A partial lunar eclipse may have been the highlight of the month in the western United States for many of us, but others in other parts of the world are enjoying one of the most spectacular celestial events on the calendar.
The first of three consecutive partial lunar eclipses of 2019 will begin this weekend with a partial eclipse Sunday. With millions of people flocking to the East Coast of the United States for Christmas celebrations or catching the last flights home for 2019, many will have missed out on an amazing celestial spectacle.
During the next three eclipses, the moon will experience three “trips” around the Earth for the first time in nearly a century. When the sun, moon and Earth line up in such a way, the Earth actually blocks the sun’s rays to the moon. That makes the moon appear to be a reddish-orange color and makes that blood red the color of fire, said Frank Mora, a astronomer at the Parkes Observatory in Australia and co-author of the book, “Eclipse-Manic” (Paulist, 2012).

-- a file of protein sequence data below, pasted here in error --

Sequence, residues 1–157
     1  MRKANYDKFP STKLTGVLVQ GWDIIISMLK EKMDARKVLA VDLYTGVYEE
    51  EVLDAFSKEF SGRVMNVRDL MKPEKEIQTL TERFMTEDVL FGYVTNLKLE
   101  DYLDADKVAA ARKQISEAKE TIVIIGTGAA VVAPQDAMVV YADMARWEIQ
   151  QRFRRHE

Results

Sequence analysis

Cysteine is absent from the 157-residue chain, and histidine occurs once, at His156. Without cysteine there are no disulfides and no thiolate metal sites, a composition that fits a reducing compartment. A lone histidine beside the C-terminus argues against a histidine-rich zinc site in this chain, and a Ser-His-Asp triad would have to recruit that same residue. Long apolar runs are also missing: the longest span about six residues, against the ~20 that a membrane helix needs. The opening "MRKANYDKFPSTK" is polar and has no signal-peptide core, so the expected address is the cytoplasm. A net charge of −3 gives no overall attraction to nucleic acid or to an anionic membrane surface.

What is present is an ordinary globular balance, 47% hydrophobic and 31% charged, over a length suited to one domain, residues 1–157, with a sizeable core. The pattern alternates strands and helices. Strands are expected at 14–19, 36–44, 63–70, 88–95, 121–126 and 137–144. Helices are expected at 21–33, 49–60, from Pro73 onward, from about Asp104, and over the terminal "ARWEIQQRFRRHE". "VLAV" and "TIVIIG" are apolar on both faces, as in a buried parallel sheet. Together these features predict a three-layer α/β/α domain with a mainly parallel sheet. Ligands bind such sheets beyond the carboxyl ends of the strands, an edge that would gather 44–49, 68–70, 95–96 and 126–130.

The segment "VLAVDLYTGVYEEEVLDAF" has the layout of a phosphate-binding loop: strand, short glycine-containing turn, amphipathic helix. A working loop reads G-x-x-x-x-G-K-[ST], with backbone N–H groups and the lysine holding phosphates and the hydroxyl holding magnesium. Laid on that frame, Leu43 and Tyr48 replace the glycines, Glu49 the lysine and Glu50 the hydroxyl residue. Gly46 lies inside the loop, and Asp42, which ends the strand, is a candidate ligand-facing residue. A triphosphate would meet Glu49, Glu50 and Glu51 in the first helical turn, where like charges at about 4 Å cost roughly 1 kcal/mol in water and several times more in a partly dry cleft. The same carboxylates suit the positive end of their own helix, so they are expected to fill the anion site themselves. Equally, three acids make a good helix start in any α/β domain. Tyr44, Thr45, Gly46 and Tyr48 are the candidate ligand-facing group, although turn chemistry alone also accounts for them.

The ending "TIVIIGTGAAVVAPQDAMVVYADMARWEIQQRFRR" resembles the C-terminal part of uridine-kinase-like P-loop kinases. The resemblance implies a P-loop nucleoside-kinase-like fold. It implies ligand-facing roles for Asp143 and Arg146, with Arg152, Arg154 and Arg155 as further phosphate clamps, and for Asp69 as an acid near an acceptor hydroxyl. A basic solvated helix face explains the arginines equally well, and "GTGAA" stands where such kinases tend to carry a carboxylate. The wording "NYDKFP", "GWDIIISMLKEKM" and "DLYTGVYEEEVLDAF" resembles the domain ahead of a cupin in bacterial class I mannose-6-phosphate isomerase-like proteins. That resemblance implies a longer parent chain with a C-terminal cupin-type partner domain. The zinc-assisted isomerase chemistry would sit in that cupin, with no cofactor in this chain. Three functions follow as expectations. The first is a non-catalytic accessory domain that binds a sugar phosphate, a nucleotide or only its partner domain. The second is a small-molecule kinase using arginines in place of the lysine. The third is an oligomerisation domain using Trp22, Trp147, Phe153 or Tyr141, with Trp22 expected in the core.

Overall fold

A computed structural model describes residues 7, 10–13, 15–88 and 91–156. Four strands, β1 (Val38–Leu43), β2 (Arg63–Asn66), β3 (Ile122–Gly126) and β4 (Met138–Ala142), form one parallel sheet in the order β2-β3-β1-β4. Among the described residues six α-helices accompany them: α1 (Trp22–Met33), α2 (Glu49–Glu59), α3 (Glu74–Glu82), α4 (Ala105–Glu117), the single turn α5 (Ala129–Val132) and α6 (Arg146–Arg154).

It is a blood moon because the shadow cast by the sun, Earth and moon will be reddish to orange, orange to red. [Blood Moon 2019: When It Happens and How to See It (Infographic)]
Even if you are away from the bright lights of your town on a clear day, the eclipse is still worth seeing.
“It is an event that people should not miss,” Mora told Space.com.
That’s because lunar eclipses cause its natural phenomena — those which we see around us each day — to fall out of their normal place, Mora said. This can make this dip in the sun’s rays look more eerie than usual.
During the eclipse in the United States, “you’ll see lots of places, like Durham, North Carolina, use waterfalls or have fireworks displays,” Mora said. “You’ll see it in England or Sweden. It’ll be interesting, really.”
Editor’s note: If you capture an amazing view of the lunar eclipse or another night sky view and would like to share it with Space.com for a story or gallery, send images and comments to managing editor Tariq Malik at [email protected]
Email Meghan Bartels at [email protected] or follow her @meghanbartels. Follow us @Spacedotcom, Facebook and Google+. Original article on Space.com.